Panicum virgatum 'Northwind'
Northwind Switch grass contrasts nicely with the Mohican viburnum behind it.

Switch grass (Panicum virgatum) is native to the tallgrass prairie, which once covered most of Illinois. I’m particular to the Northwind cultivar but I’m also dying to try Shenandoah, which has more red in it. Switch grass provides great winter interest and is also very good in dried fall arrangements.

Pennisetum orientale 'Karley Rose'
Karley Rose Fountain Grass seed heads sway in the wind
Karley Rose Fountain Grass (Pennisetum orientale ‘Karley Rose’) and Red Head Fountain Grass (Pennisetum alopecuroides ‘Red Head) have been interesting. I thought Karley Rose as only hardy to zone 6 so I planted it near a maple tree in my Zone 5 garden as an annual. It has been coming back ever since.  It has spread somewhat but not obnoxiously so. I love the swaying of the seed heads, which start out pink and turn a light beige.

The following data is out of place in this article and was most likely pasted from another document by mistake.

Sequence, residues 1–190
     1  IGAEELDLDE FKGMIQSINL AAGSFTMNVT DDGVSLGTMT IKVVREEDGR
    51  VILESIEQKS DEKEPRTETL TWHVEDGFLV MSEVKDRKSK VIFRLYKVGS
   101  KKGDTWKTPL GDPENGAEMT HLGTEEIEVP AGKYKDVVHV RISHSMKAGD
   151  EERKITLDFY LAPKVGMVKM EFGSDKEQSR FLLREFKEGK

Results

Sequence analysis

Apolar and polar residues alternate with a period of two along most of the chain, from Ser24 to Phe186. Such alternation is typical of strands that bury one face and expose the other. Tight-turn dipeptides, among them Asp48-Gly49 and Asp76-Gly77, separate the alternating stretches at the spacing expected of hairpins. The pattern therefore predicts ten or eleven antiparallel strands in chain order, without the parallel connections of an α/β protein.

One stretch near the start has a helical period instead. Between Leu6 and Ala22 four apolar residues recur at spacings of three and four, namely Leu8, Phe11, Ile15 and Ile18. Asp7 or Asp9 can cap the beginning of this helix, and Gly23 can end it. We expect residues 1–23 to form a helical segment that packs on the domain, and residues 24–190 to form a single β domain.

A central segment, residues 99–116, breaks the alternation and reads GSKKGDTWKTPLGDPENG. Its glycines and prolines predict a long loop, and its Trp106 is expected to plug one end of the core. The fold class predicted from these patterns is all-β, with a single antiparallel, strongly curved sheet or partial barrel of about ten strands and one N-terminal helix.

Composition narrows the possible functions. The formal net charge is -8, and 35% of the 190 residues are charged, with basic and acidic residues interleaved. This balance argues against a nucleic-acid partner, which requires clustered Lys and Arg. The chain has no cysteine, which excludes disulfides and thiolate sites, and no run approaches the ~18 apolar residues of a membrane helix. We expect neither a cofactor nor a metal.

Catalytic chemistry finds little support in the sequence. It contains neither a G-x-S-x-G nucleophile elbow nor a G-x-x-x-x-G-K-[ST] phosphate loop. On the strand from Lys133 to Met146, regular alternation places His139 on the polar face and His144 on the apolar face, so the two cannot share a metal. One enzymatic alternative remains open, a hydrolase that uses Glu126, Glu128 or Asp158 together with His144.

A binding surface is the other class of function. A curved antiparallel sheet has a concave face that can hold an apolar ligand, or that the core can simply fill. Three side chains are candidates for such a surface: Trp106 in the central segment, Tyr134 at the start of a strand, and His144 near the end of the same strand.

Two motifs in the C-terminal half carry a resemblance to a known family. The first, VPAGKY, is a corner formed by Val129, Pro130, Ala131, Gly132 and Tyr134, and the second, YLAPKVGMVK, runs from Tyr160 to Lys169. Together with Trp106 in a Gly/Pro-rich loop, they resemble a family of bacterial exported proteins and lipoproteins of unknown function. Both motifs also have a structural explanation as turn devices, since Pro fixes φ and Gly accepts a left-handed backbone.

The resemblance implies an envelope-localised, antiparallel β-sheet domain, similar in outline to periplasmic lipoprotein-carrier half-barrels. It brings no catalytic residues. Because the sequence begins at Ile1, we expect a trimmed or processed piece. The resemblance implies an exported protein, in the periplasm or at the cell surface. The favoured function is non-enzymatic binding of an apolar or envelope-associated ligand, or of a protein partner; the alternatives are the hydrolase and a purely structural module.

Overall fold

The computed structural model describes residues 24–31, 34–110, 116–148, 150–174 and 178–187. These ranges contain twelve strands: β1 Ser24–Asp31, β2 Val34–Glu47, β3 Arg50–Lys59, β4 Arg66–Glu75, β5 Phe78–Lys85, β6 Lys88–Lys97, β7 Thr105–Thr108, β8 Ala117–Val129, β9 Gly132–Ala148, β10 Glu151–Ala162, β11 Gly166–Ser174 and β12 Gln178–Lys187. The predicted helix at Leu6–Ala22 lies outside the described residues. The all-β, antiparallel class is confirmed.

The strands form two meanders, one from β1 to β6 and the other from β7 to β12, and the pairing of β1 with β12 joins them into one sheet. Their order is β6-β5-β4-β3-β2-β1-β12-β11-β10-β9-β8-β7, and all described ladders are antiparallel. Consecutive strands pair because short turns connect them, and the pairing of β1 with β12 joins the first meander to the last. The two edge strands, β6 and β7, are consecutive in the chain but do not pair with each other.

Red Head, on the other hand, has red bottlebrush-type plumes.  It's nice but has seeded itself in the garden so it’s currently on probation. I'm hoping that that the spread is due to last year's extraordinarily long, warm fall.
Sporobolus heterolepsis 'Tara'
The seed heads of Tara Prairie Dropseed
Sporobolus heterolepsis 'Tara' in the garden
Prairie dropseed in the garden

Prairie Dropseed (Sporobolus heterolepsis) adds an incredibly fine texture to the garden. I especially like Tara, which is a bit more upright than the species. It also has a smell this time of year that reminds me of popcorn. My husband can’t smell it, though. I’ve heard this anomaly from more than one person, although I’m not sure why that’s the case.
Of course, there are lots more ornamental grasses available, including several that will take shade or even dry shade. I've recently added Little Bluestem (Schizachyrium scoparium), a butterfly host plant and tallgrass prairie native, so I will have to see how it does.
The deer that occasionally visit my garden never touch the ornamental grasses – another plus. Care is pretty simple. You just need to chop them down to about 4-6” high before the growing season starts.  They do need to be divided every so often and the roots go deep so be sure to sharpen your shovel beforehand.
If you’ve never tried ornamental grasses in your garden, I hope you’ll give them a try. Who know? Maybe you’ll move into category #1 as well.

By Karen Geisler